Photo: Capacity-building of farmers on HEC management. Credit: Wildlife Division of the Forestry Commission, Ghana

Managing Human-Wildlife Conflict Amid the COVID-19 Pandemic in Agro-Pastoral Communities Neighbouring the Lewa Wildlife Conservancy (Kenya)

The Lewa landscape is utilized by approximately 400 elephants that migrate from the Mt. Kenya Forest Reserve/National Park to the south into the northern Kenya rangelands. As populations of wildlife and people grow, competition for food and natural resources intensifies. In the Ntalaban village, which is part of the Il Ngwesi Community Conservancy, adjacent to Lewa to the north, elephants raid farms for food, damaging crops, disrupting livelihoods, and accidentally injuring or killing people. In retaliation, the elephants are wounded or killed by the communities. The impact of Covid-19 led to a loss of tourism revenue, leaving workers in Il Ngwesi area unemployed and increasingly turning to subsistence farming to provide for their families. Left unaddressed, farm invasions by elephants will exacerbate HEC, endangering both wildlife and humans.

Community member walking along the HEC management fence. Credit: Lewa Wildlife Conservancy

To mitigate this, a 5.5 km solar-powered fence was constructed through the AEF project to mitigate crop-raiding by elephants and reduce HEC in the Ntalaban village. Involvement and buy-in by the local community underpinned the success of the project. The partner conducted 5 targeted community meetings to sensitize them on the project and the significance of the fence in enabling greater protection for their crops and mitigate HEC incidents. Casual labourers were also recruited from the local communities during the construction of the fence, thus benefiting the local community directly. For the sustainability of the fence, 1 person was hired from the local community on a 1-year contract and trained on fence repairs and maintenance, and also provided with 2 pairs of uniforms.

Management Interventions to Alleviate Human Elephant Conflicts Around Imenti Forest, Mt. Kenya Forest Reserve, Amidst Heightened Insecurity Caused by Covid-19 (Kenya)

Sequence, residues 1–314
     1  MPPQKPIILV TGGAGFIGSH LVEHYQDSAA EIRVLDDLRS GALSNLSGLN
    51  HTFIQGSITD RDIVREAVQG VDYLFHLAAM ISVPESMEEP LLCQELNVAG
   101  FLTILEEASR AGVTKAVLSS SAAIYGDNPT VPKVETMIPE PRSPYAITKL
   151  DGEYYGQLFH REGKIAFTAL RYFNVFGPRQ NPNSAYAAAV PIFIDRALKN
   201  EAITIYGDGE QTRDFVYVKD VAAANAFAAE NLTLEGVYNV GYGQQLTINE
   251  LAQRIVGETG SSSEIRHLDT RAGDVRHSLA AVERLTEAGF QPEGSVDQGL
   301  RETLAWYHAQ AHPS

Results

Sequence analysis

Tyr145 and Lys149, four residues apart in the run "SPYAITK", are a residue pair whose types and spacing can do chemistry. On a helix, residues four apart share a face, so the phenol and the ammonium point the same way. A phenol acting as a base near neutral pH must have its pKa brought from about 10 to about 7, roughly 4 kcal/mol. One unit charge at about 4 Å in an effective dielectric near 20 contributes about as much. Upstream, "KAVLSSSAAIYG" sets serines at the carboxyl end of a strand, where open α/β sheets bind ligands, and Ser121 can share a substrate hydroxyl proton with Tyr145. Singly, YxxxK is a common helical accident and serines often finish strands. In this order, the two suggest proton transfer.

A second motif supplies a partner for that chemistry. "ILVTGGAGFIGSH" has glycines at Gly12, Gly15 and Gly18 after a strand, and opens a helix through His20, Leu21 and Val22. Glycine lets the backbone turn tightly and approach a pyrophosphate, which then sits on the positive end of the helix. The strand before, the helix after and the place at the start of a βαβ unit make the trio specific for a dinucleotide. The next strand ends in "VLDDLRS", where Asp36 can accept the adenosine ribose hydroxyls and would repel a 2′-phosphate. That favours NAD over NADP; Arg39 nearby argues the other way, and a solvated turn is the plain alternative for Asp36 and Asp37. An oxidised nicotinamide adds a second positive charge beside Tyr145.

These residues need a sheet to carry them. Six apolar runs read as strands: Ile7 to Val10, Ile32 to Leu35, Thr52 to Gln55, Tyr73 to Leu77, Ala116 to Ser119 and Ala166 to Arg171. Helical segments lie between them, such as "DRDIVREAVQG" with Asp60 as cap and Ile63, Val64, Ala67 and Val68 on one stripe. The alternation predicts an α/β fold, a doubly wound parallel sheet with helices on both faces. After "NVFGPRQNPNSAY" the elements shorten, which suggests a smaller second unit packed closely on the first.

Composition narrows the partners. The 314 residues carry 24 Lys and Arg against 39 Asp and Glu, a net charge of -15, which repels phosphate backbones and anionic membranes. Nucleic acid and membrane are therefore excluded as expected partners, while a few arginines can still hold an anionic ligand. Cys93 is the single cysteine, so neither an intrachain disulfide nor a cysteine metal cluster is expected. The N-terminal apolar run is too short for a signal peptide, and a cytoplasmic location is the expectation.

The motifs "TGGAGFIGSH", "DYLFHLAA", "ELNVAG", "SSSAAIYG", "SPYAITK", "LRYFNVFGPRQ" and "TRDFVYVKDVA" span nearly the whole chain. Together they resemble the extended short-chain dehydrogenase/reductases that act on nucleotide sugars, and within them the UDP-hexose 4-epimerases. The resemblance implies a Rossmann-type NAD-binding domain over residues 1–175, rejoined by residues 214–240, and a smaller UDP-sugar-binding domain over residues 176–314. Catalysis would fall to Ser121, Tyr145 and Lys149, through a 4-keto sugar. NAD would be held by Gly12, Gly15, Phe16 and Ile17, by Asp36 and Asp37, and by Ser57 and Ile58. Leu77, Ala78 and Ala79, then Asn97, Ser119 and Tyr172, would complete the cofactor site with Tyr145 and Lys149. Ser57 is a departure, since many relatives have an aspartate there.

Studies indicate that the highest concentration of elephants in the Mt. Kenya region, totalling an estimated 2,600 individuals, is located in the Imenti Forest. Historically, these elephants have been in conflict with local farmers due to crop-raiding and is the main human-wildlife conflict (HWC) hotspot in Kenya’s forests. To mitigate these conflicts, Rhino Ark and its partners built a 53 km long 10-strand electric fence around the Imenti Forest which has been very effective in reducing HWCs. However, Covid-19 significantly impacted the financial situation of the partners involved and subsequently, fence maintenance, community engagement and law enforcement budgets were cut down.

The objective of the AEF project was to address these challenges through supporting the maintenance of the fence and establishing community livelihood schemes and community-based forest patrols to mitigate human-elephant conflict incidences.

The project mapped the breakage points along the 53km long electric fence, identifying 5 breakage points. These breakage points were buttressed using an electrified short fence with outriggers and 3 energizers were installed to power the fence. 18 members of the local community have been engaged in the fence maintenance. They are also being supported by the Kenya Wildlife Service (KWS) which provides fuel and communication support for the teams, enabling them to attend to fence maintenance issues within 3 hours of the incidence occurring. This has enhanced the ownership of the Mt. Kenya electric fence by the local community. 6 community barazas were also held to sensitize the local community on the need to remove lethal fences that were killing elephants through electrocution. As a result, more than 80% of the lethal fences being removed. 6 intelligence gathering cells were established around the Imenti Forest. They report on violations of the electric fence as well as other illegal activities being carried out within the forest.

To enhance livelihoods, 54 members of the local community were trained on modern beekeeping practices as a means of generating income and as an elephant deterrent.

Joint patrols were undertaken by the Imenti Community Patrol Team together with KWS and the Kenya Forest Service (KFS), under the leadership of the Mount Kenya Trust. The patrols covered 1,569km on foot and 4,715km on vehicle. 7 offenders were arrested and successfully prosecuted. 191 snares were retrieved. Though these patrols deterred potential poachers, 2 elephants were lost to poaching.

Further, to create awareness on the benefits of elephant conservation, an essay competition in which 20 schools participated was held. The winners were taken on an educational tour. The participating schools formed Wildlife Clubs geared towards educating the wider community on elephant conservation.

Photo: Camera trap image of elephants approaching the Imenti Forest fence. Credit: Rhino Ark Kenya

Strengthen Law Enforcement and Mitigating Human-Elephant Conflict in and around Kasungu National Park (Malawi)